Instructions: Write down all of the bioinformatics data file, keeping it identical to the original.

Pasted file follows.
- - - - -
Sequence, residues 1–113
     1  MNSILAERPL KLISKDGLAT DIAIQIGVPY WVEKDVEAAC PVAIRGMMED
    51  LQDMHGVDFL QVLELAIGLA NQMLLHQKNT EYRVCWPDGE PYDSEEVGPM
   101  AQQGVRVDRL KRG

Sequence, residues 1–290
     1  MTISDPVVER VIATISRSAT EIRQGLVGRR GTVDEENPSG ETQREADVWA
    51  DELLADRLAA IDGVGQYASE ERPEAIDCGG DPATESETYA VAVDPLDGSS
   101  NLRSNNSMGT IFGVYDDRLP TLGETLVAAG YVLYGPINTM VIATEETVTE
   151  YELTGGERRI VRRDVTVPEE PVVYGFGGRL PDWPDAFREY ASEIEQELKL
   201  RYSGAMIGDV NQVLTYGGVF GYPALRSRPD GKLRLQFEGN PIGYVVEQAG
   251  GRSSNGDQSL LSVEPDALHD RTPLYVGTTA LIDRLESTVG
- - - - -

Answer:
Sequence, residues 1–113
     1  MNSILAERPL KLISKDGLAT DIAIQIGVPY WVEKDVEAAC PVAIRGMMED
    51  LQDMHGVDFL QVLELAIGLA NQMLLHQKNT EYRVCWPDGE PYDSEEVGPM
   101  AQQGVRVDRL KRG

Sequence, residues 1–290
     1  MTISDPVVER VIATISRSAT EIRQGLVGRR GTVDEENPSG ETQREADVWA
    51  DELLADRLAA IDGVGQYASE ERPEAIDCGG DPATESETYA VAVDPLDGSS
   101  NLRSNNSMGT IFGVYDDRLP TLGETLVAAG YVLYGPINTM VIATEETVTE
   151  YELTGGERRI VRRDVTVPEE PVVYGFGGRL PDWPDAFREY ASEIEQELKL
   201  RYSGAMIGDV NQVLTYGGVF GYPALRSRPD GKLRLQFEGN PIGYVVEQAG
   251  GRSSNGDQSL LSVEPDALHD RTPLYVGTTA LIDRLESTVG